As many businesses look to digitally transform, Sean Leach, Chief Product Architect at Fastly discusses how many are unprepared for the security issues this entails…
A year of transformation
The pandemic has accelerated many businesses’ need to digitally transform, from offering virtual services to clients to the sudden shift to remote working. This change has also triggered an increase in cybersecurity threats, with over 50% of organisations experiencing security breaches and cyber-attacks in 2020. Both of these developments have increased the vulnerability of businesses who have had to adjust their web applications and security tools quickly. In fact, recent research has found that nearly half (46%) of businesses reported that their security infrastructure was not prepared to handle the changes brought about by COVID-19.
This growing demand for digital transformation means that security is becoming more complex and costly for organisations, as they are increasingly required to protect both traditional and new architectures, in addition to cloud environments. As such, this article will discuss the current security issues facing those looking to digitally transform.
Web applications and API Security
The pandemic introduced a wave of new fraud trends, resulting in many businesses turning to more advanced web application and API security tools. The National Cyber Security Centre – part of the GCHQ – disclosed it had identified more scams on the Internet in the last year than in the previous three years combined. In a recent survey we carried out at Fastly, we found that more than half of organisations (54%) believe that most, if not all of their applications will use APIs in the next two years. As well as this, despite an anticipated increase in API implementation, 50% of organisations stated that web application and API security is more difficult than it was two years ago, indicating struggles to maintain adequate security across new application architectures. This is further substantiated by research from Salt Labs which found that 94% of organisations have suffered an API-related security problem in the last year.
But what’s driving these difficulties? Predominantly the shift to public cloud and API-centric applications without a modern security solution to support those innovations. As organisations rush to implement faster, more agile technology they are neglecting the security offerings which protect these technologies or using ineffective tools.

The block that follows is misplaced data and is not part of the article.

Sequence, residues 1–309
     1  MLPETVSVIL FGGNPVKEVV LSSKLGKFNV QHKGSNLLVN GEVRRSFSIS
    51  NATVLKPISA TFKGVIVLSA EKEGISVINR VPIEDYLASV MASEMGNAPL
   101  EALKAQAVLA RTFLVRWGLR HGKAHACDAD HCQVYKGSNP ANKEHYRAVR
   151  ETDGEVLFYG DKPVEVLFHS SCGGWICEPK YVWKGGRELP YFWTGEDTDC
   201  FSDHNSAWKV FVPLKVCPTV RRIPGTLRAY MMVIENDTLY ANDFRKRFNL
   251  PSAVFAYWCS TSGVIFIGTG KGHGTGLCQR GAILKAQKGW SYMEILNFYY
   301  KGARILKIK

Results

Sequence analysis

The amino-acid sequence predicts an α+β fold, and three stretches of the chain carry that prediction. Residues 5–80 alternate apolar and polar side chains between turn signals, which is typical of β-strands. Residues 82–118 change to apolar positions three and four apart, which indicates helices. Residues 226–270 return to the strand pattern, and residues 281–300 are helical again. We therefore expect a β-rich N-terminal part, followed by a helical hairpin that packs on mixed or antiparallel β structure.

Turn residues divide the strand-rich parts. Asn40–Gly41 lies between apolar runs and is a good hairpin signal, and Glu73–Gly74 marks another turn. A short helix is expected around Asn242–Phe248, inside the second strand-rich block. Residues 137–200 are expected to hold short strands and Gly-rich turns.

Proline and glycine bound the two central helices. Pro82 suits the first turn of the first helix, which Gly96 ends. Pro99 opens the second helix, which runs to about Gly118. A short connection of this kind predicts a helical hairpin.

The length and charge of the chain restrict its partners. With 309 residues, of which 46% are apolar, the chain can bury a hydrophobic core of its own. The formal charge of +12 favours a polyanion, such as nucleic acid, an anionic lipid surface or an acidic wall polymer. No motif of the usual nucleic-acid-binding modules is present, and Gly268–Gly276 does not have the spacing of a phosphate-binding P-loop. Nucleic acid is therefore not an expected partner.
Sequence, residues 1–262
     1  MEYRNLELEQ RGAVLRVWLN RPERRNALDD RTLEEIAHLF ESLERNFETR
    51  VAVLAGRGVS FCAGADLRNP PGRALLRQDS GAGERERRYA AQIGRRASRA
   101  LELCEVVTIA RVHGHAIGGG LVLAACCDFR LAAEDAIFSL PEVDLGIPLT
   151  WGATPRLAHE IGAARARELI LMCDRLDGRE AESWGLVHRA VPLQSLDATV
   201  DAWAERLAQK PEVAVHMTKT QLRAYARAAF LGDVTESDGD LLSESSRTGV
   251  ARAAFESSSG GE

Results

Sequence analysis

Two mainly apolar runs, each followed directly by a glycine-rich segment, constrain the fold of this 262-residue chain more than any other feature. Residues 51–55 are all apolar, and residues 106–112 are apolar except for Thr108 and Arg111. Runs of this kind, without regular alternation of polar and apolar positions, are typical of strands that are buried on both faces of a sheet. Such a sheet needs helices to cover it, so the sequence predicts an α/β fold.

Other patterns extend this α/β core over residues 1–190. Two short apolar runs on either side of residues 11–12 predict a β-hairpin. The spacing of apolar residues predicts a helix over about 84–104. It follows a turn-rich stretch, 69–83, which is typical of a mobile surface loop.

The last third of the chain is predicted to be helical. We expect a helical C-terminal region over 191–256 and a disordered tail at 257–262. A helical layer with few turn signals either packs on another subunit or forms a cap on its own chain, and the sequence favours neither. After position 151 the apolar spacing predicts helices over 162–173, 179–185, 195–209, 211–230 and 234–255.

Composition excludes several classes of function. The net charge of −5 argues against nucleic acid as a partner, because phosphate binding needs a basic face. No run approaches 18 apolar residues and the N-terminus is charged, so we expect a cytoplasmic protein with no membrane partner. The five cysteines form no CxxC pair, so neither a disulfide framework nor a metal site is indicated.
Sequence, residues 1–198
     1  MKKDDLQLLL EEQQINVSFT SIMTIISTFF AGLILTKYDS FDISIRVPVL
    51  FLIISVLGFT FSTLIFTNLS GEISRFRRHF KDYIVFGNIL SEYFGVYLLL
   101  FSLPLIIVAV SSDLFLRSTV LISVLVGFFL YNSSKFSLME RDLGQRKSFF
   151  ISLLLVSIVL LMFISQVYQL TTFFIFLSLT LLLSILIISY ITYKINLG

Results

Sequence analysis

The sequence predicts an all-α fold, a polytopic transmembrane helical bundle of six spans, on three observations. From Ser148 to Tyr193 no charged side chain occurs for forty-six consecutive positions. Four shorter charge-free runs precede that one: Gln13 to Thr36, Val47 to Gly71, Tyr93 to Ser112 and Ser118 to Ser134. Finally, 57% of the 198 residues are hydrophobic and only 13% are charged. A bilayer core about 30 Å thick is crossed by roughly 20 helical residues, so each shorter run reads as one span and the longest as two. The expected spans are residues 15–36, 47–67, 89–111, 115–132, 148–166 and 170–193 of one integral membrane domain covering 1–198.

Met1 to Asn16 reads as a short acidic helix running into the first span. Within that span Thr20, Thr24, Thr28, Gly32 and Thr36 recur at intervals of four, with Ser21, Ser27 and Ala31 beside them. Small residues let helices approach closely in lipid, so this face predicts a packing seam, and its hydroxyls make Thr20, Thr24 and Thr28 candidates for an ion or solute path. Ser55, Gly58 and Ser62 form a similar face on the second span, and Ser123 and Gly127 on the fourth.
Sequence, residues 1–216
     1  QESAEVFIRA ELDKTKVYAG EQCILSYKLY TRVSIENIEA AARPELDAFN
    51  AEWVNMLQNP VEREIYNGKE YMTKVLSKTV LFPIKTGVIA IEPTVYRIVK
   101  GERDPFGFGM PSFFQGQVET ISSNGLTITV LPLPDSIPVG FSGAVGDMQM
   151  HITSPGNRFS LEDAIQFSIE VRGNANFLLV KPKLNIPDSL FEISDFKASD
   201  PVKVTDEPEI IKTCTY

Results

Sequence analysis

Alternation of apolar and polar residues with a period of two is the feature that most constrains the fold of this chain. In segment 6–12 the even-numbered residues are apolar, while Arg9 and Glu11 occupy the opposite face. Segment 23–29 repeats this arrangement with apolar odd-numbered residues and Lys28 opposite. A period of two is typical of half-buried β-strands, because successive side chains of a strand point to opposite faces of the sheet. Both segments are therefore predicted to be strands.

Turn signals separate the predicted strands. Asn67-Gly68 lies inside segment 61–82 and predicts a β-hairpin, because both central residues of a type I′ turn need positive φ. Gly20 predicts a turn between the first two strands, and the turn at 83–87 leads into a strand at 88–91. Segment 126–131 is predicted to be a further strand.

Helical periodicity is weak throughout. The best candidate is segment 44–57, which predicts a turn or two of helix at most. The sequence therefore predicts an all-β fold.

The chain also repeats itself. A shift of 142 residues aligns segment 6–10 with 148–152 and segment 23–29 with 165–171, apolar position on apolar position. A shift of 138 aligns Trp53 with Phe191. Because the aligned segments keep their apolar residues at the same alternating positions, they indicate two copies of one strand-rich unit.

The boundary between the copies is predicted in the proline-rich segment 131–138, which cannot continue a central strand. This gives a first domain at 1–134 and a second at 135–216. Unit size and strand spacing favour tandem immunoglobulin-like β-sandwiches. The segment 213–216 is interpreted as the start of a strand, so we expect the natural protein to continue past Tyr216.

Ineffective tools leading to loss in revenue
Fastly found that, overall, UK businesses deploy an average of 11 web applications and API security tools, spending close to £365,000 on these assets. However, 40% of all security alerts are still false positives. What’s more, 1 in 4 (23%) UK businesses have suffered a loss of revenue in the past 12 months as a result of false positives from web application and API security tools. Rather than informing security experts of harmless attacks, these technologies are blocking them altogether and incorrectly reporting them as critical events.
Similar trends can be seen across the sector. Infosecurity Magazine found that 37% of correspondents said they receive over 10,000 alerts every month and over 52% of these alerts were false positives. To put this into perspective, it usually takes a SOC analyst 10 minutes to assess a false positive and the time necessary to assess 52,000 false positives on a yearly basis would take around 866 hours. Security experts need to rethink how they’re using these tools and technology to detect critical vulnerabilities, which are no longer able to cope with the demands of the internet.
If not web tools and API, what security is needed?
The past year has made it clear that web app and API security solutions are neither efficient nor successful security tools for a business to base their digital service on. Whilst companies are keen to advance their technology, the security solutions which form the foundation of any successful business are being left behind. Given the legacy practice of bundling security tooling onto the end of the deployment pipeline in an effort to save time, it is clear that convenience can often come before functionality.
The result of this is, predictably, that security teams have limited time to identify weaknesses and implement protection. A better-rounded solution to ensure proper implementation of secure DevOps is to shift the perception of what this actually requires, changing it from a bolt-on to an integral part of the software development cycle. This will allow teams to focus on shipping secure software, as well as empower security professionals who had not previously been seen as integral parts of the team.
Experts should consider the higher security risk factors in their business infrastructure which have been driven by the pandemic. They must ensure Development, Security and Operations are collaborating efficiently enough to deal with new challenges. Alongside this need for more effective teamwork, businesses have to start employing a new breed of web app and API security tools, that are able to distinguish real attacks from false ones. If not, they will continue to waste time on an overwhelming number of false positives. Those businesses who are able to build this fortified environment quickly will be the ones who are successful in their digital transformations.
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